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Non-Review Review: West Side Story

In some ways, Steven Spielberg’s adaptation of West Side Story is a match made in heaven, a union that feels as perfect as the story’s central romance.

After all, West Side Story is one of the quintessential American texts. In its review of the classic Robert Wise and Jerome Robbins adaptation, The Hollywood Reporter described the film musical as “the one dramatic form that is purely American and purely Hollywood”, and West Side Story is a musical that takes that idea to its extreme, with a show-stopping number literally titled In America. More than that, the previous cinematic adaptation stands as one of the virtuoso examples of classic Hollywood studio filmmaking, with its beautiful production design, large cast, and beautiful backlot.

“Do you want to dance or do you want to fight?”

Steven Spielberg is perhaps the most purely American and most purely Hollywood director of his generation. He is just as much a monolyth of American popular culture as West Side Story or even the cinemative musical. Writer Arthur Ryel-Lindsey might have sarcastically declared that “Steven Spielberg is American culture”, but there’s a great deal of truth in it. Depending on who you ask, Spielberg is “the defining American populist of his generation”, “possibly the greatest American director”, or even simply “synonymous with cinema.” So West Side Story feels like a wonderful synthesis of material and director.

Plus, you know, Spielberg knows how to direct sharks.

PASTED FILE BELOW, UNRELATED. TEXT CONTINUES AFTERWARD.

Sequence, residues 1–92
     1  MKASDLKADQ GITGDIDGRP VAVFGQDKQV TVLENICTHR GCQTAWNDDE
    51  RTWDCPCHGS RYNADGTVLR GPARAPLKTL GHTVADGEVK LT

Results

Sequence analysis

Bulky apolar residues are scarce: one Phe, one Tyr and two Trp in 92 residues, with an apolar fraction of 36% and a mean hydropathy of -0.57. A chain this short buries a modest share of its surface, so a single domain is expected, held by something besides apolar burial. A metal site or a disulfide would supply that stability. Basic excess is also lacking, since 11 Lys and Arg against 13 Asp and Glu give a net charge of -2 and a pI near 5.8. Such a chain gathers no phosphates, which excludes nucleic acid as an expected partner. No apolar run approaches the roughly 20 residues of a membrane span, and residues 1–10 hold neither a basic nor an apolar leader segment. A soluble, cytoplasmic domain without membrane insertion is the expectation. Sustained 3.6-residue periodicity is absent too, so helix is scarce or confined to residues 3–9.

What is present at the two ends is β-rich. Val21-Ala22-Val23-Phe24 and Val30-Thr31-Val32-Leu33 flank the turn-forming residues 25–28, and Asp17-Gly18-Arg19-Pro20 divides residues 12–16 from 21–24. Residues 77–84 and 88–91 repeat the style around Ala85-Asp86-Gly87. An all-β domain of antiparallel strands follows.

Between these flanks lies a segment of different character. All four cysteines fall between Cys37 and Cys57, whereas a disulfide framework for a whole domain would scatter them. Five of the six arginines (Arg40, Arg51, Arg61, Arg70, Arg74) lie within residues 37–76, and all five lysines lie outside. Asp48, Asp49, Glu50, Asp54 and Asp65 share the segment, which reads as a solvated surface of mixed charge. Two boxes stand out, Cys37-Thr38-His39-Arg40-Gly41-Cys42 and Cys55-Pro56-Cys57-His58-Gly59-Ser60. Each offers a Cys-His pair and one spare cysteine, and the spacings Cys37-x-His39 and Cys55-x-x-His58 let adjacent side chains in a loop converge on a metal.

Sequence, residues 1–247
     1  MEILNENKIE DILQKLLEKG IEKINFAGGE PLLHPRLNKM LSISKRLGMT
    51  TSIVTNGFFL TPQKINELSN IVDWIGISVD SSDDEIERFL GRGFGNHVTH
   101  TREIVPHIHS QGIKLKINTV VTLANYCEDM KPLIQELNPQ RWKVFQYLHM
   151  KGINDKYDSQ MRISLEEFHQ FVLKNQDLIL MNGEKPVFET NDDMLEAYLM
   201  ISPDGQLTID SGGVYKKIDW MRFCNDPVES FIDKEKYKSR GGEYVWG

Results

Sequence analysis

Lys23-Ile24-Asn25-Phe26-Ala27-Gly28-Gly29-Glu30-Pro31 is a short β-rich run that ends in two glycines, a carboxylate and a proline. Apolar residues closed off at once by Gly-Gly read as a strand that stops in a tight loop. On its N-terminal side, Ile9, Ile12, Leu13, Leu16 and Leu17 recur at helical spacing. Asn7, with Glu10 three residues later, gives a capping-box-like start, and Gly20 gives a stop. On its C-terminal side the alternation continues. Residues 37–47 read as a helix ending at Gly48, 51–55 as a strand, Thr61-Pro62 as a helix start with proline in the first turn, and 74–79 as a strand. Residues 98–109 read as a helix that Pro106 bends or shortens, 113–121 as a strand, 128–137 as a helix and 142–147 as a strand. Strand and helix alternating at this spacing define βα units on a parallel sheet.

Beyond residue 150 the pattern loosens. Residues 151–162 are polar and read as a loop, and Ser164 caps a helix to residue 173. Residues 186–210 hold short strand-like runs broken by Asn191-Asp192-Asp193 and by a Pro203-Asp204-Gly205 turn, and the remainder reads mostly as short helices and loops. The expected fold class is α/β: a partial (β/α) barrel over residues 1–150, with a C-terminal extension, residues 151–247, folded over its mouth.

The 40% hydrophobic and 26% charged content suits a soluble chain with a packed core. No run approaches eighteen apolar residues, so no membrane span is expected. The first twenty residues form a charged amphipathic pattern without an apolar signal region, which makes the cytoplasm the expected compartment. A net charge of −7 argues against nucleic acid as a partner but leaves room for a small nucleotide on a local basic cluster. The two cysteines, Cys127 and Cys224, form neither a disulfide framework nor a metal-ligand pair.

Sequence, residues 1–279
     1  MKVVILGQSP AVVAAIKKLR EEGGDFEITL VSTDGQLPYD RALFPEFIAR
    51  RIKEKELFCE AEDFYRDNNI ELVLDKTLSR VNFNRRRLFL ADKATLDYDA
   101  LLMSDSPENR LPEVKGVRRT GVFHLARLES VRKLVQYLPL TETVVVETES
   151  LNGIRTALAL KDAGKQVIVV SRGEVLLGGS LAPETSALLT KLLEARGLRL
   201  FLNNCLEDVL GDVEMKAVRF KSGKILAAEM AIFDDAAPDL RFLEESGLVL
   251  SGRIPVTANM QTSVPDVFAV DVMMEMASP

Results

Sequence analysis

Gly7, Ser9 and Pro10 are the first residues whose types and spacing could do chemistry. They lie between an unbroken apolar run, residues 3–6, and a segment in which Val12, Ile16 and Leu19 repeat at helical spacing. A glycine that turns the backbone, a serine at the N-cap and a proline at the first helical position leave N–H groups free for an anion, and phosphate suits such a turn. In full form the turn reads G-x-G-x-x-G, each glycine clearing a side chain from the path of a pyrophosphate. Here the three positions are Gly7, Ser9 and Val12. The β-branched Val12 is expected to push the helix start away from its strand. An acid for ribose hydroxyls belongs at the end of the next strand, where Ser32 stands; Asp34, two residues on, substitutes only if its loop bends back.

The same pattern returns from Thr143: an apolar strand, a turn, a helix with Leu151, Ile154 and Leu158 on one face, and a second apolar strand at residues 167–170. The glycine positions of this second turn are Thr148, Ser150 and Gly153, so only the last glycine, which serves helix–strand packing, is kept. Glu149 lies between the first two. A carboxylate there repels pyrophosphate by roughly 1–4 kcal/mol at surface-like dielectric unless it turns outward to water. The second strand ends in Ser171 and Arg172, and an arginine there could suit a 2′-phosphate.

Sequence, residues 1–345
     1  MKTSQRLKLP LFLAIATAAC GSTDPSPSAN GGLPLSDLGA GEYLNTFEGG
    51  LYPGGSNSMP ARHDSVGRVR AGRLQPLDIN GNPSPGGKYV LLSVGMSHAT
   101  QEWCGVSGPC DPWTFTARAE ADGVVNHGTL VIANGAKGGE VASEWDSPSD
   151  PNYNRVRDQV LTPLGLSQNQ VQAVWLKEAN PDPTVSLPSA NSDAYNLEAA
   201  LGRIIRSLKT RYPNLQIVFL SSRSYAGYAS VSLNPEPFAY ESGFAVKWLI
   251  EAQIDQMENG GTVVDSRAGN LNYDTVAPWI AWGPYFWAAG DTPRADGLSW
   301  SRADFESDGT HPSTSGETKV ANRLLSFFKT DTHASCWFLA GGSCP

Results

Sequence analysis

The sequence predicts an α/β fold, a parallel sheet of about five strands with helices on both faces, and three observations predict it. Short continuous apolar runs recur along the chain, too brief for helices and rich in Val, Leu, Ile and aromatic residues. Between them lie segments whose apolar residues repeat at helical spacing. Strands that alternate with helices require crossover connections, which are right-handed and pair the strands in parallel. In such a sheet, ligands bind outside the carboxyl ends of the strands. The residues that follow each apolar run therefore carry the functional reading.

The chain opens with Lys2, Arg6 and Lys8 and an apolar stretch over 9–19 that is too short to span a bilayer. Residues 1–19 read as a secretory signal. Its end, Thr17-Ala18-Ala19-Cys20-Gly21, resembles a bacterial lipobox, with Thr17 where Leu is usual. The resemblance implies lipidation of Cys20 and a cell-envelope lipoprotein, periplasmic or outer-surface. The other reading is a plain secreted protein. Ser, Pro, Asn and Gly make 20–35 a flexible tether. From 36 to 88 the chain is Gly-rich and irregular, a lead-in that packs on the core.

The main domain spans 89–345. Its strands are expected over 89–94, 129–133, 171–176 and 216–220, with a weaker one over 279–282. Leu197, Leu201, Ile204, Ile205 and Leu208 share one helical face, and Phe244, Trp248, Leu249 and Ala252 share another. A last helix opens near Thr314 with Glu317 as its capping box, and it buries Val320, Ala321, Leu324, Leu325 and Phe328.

“Maria, you gotta see her…”

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New Escapist Column! On The Reflective and Introspective Nature of Late Steven Spielberg…

I published a new In the Frame piece at The Escapist on Friday. With the looming release of West Side Story, it seemed like a good opportunity to take a look at the late career of Steven Spielberg.

Spielberg is a director who defined and shaped Hollywood, largely by inventing the modern blockbuster with Jaws. What is really interesting about so much of his twenty-first century output, starting with A.I. Artificial Intelligence and continuing into films like Ready Player One, is the sense in which Spielberg seems to be grappling with the long-term and unintended consequences of how he shaped cinema, to the point that many of his modern movies – from War Horse to The Post – seem to be the kinds of movies that he squeezed out of the market.

You can read the piece here, or click the picture below.